Bats in the bridge, before flight

Short section of the bat flight

Bat Flight at the Campbell/River Bridge

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A Wild(life) Year in Photography!

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A Wild(life) Year in Photography!

A Wild(life) Year in Photography!

Me and the Roaming Bison in Colorado.  

Photo by Eric Peffer.

It has been been a wild year for me, in many aspects.  One of those areas that continues to make my head swirl, is the amazing desert I live in and the wildlife I have had the opportunity to spend some quality time with.  

Most of the photos are from my home base in Catalina, Arizona, although photo adventures to Colorado and New Mexico have added some new animals and geography to my photo line up.

Part of the large herd of elk in Colorado (approximately 150)

I have a number of things in my favor:

1.  An eye for things that are 'wild'

2.  a 70-300 lens

3.  Many of my photo adventures are with a wildlife biologist.

4.  I run in an a desert area where I see maybe 1 person a month.  More of a true desert setting. 

5.  Just plain luck

Family of 4 Bobcats in the neighborhood

Many of my photos are taken during my daily runs through the desert.  I typically run near sunset, which I feel is a better time to see animals plus it puts me on the highest road in our area to capture stunning sunsets.  The runs limit my camera options but I have had good success with a decent point and shoot camera (Samsung WB350F).  The Samsung is sporting a 42x zoom.  Oh yeah!

One of the four bobcats (family) in the neighborhood

My goal, when possible, is to take film along with photos.  I may put together a film blog for this year.  

I think back to last year and I did not get much in the way of wildlife photos while this year has been phenomenal.  Looking toward 2016. 

Wild horses near Fort Garland, CO

Enjoy the photos! 

When I grab my camera, I aim to get photos and video.  Check out the videos on my latest blog:  

A Wild(life) Year in Video!

Wild horse near Fort Garland, CO

Bighorn Sheep - Taos, NM

Redtail Hawk - Klondyke, AZ

Not totally 'wild' but a wild setting - near La Veta, Colorado

Rattlesnake on one of my runs - Catalina, AZ

Roadrunner near the house - Catalina, AZ

At the house

A Javelina visit during a run - Catalina, AZ

Horned Lizard during a run - Catalina, AZ

Young Desert Tortoise - Catalina, AZ

Walking Stick, almost stepped on and bypassed - Catalina, AZ

Tarantula visit on a run - Catalina, AZ

Tarantula on one of my runs

Gila Monster at the house - Catalina, AZ

Family of 4 Bobcats in the neighborhood - Catalina, AZ

Bobcat photo published in a local paper

Young Desert Tortoise on a desert run - Catalina, AZ

A brief stop during the Race Across America as wild horses cross the road in Utah

During the Race Across America - Pagosa Springs, CO

Praying Mantis, Lori & Eric in Klondyke, AZ

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'It is Far to EVERYTHING, except Nature

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'It is Far to EVERYTHING, except Nature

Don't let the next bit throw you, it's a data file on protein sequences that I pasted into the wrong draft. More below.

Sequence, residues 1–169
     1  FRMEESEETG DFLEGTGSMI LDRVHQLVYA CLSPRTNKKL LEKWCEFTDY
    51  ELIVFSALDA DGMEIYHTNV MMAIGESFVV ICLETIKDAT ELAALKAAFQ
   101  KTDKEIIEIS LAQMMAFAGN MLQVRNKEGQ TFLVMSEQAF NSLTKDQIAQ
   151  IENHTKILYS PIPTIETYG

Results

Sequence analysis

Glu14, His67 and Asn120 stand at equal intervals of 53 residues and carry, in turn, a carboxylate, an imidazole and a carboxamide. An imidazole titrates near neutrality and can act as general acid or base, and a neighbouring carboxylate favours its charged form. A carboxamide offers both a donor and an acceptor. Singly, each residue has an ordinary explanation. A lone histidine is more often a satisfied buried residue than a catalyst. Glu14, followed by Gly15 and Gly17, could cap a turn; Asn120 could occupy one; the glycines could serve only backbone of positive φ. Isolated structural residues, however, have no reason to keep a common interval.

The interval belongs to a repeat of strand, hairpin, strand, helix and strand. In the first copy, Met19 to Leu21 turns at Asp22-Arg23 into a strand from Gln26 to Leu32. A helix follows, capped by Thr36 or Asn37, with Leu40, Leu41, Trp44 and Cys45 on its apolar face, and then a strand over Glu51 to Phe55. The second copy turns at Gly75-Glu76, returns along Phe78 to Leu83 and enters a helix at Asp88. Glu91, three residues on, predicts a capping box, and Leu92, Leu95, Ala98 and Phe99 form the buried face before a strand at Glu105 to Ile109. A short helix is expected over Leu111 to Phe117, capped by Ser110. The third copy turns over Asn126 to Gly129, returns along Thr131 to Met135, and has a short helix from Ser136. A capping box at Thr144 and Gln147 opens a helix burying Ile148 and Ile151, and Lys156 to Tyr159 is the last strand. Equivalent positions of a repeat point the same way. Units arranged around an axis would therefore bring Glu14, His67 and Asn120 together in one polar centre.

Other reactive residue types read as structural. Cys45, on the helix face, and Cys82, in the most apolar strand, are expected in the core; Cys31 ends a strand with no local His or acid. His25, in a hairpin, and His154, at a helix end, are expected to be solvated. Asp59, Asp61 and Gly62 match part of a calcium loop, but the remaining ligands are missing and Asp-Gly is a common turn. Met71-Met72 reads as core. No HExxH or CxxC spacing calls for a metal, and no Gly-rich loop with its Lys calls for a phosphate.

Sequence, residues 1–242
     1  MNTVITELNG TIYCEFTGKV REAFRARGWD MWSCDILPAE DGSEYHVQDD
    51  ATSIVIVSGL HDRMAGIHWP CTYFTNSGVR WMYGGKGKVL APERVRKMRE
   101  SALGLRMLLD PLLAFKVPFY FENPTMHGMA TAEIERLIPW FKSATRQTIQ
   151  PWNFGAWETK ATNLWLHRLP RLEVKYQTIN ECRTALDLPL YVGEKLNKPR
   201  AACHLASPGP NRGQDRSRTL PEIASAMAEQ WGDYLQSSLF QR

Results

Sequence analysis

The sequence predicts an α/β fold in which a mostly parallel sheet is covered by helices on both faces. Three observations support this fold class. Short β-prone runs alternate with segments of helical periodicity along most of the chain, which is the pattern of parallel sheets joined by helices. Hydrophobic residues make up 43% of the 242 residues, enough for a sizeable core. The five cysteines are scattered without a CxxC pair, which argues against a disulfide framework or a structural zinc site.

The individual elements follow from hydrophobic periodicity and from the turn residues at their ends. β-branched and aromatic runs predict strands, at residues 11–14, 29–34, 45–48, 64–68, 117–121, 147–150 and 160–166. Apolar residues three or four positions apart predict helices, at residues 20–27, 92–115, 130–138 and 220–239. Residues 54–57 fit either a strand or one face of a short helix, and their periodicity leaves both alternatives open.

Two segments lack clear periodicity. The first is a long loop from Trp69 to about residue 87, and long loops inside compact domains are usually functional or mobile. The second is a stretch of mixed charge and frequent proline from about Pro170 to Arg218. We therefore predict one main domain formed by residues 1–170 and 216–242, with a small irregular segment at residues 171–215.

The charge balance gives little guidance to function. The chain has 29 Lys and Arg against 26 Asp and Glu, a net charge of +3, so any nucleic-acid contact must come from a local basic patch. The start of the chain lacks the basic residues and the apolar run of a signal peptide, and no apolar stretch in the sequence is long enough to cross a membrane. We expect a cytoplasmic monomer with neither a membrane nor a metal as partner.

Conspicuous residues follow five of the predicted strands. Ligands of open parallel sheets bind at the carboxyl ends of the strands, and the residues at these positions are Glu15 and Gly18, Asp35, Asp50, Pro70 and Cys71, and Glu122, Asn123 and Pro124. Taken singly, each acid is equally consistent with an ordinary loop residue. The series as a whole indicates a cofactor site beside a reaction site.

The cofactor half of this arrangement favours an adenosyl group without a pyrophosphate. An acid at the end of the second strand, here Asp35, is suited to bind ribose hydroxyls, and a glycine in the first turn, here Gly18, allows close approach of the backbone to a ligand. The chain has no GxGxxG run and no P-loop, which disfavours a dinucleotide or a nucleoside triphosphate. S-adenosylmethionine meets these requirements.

'It is Far to EVERYTHING, except Nature'

Maybe 20 minutes ago I read a letter that Gunvor had written to my mother.  It is about the famed cookies that I had brought up to their cabin in Colorado.  She thanked my mother for the highly valued recipe and further on was a line she had shared about the remote location of the cabin.  She shared,  'It is far to EVERYTHING, except Nature'.  Agreed.  

This escape to the rugged majesty that is Southern Colorado was furnished by an invite from Eric (who is training me in photography) and the family cabin, situated high above Fort Garland.  Away from civilization, and close to things that wander the hills.  

The 12 hour drive would take a little bit longer as we stalked the many elusive photo ops along the back roads of Arizona, New Mexico and Colorado.  En route we would take the back roads of New Mexico, with an introduction to Pronghorn Antelope, and into the grandeur of El Malpais National Monument where we would encounter a few roaming elk.  They would continue their roaming ways until they connected with a herd of maybe 50.  Too far for even my 300mm lens, but a good sign for the trip.  

When we first saw the Bison in Colorado it was devouring grass behind a fence.  Only thing was that the fence had major gaps in it.  As he/she began to wander outside of the barbed wire it opened up a unique opportunity to photo and film a bison that was free to roam and spend some time near us. 

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1 of 3 videos I posted on my youtube channel with the Bison.

Having just worked the Race Across America in the Media 1 vehicle I was stoked to come back to what is probably my favorite area of the course.  The stunning section of Hwy 12 between La Vita and Cuchara, CO is hands down, cool and beautiful.  Unfortunately, no wildlife, but always enjoy capturing our colorful, metal rooster.

We were fortunate enough to come across a herd of 150-200 elk.  It took roughly 20 minutes for the herd to cross this area.

I wanted to include some shots of the incredible Great Sand Dunes National Park (near Alamosa, CO).  

The Rio Grande Gorge near Taos provided us with tremendous views and bighorn sheep right next to the bridge.

Shortly after returning, I came across a bobcat family of 4 near my parents house.  This was the straggler of the family, as he ran down the wall to catch up with the rest of the clan.